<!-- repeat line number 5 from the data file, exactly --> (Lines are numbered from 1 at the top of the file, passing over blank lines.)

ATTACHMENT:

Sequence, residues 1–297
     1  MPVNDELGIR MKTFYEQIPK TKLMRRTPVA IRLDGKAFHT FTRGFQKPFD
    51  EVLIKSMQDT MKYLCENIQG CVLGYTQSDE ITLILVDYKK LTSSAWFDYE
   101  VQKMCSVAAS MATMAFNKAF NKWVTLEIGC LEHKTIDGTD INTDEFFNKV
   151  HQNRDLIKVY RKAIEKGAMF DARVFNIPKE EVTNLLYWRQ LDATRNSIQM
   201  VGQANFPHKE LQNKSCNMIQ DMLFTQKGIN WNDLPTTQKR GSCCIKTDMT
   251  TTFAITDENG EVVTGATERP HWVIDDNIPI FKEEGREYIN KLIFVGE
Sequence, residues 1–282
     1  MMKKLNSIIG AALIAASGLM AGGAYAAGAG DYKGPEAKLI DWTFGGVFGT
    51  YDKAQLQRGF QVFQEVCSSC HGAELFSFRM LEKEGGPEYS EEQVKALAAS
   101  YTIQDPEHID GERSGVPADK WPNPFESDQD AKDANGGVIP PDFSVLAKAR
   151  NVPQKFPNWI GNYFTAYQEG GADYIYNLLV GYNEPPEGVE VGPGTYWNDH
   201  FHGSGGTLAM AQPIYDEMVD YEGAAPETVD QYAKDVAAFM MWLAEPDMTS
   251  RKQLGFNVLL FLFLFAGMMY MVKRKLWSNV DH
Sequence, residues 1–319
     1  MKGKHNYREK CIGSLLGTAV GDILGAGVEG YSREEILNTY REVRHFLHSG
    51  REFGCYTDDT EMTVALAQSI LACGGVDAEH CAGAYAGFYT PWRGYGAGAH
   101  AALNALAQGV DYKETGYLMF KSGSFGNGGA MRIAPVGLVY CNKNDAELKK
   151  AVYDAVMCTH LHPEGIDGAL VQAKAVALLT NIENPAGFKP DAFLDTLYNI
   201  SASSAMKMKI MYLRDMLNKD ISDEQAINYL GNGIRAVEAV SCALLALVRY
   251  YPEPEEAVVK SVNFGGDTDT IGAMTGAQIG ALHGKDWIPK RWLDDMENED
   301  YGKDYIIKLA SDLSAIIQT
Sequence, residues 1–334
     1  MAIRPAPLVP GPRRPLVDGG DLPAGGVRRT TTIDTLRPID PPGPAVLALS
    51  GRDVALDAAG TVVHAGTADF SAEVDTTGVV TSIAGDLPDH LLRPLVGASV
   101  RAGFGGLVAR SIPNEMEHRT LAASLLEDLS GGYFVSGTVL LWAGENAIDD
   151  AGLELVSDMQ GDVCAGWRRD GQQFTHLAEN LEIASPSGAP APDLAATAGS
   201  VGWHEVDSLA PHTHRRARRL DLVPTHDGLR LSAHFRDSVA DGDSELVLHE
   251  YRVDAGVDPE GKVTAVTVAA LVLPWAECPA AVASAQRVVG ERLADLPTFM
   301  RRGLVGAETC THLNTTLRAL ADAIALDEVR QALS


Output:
   151  HQNRDLIKVY RKAIEKGAMF DARVFNIPKE EVTNLLYWRQ LDATRNSIQM